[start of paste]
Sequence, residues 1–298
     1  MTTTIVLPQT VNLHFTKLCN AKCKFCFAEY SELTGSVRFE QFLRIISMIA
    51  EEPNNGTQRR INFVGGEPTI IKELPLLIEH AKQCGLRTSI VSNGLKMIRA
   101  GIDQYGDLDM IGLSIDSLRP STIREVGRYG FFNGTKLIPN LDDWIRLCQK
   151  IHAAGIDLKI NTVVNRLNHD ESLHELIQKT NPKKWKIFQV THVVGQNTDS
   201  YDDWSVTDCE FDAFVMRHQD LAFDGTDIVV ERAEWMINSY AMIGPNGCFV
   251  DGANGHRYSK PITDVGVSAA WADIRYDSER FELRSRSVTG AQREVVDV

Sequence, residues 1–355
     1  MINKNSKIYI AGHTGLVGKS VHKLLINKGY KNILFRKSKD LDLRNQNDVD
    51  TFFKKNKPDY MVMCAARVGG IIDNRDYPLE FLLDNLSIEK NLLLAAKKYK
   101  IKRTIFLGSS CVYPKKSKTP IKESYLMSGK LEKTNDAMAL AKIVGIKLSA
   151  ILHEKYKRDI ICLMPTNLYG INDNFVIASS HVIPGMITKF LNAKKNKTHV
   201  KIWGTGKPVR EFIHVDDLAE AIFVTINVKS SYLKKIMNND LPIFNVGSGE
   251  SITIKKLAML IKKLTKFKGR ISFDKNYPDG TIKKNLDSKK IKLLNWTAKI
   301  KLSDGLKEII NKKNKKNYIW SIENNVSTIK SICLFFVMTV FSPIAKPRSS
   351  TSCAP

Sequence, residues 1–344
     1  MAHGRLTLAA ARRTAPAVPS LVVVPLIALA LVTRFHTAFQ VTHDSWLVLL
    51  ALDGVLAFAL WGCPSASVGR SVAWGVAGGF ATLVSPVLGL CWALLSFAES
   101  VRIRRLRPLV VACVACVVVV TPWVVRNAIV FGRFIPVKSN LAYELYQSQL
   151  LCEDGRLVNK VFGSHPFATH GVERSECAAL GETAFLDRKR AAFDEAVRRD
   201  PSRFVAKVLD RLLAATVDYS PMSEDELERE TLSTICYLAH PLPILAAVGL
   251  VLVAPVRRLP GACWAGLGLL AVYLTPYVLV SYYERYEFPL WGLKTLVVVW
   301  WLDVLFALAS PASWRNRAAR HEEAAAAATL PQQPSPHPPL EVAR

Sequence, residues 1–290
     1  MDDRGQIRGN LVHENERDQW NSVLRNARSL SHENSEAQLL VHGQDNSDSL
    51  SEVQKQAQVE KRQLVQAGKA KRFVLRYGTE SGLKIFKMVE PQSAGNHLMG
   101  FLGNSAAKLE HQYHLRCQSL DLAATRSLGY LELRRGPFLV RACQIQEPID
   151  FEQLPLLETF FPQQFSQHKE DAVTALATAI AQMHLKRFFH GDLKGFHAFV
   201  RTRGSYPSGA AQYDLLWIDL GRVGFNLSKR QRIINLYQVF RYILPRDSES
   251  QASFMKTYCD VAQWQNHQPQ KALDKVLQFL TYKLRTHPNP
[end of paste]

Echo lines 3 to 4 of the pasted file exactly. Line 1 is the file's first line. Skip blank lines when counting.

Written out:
    51  EEPNNGTQRR INFVGGEPTI IKELPLLIEH AKQCGLRTSI VSNGLKMIRA
   101  GIDQYGDLDM IGLSIDSLRP STIREVGRYG FFNGTKLIPN LDDWIRLCQK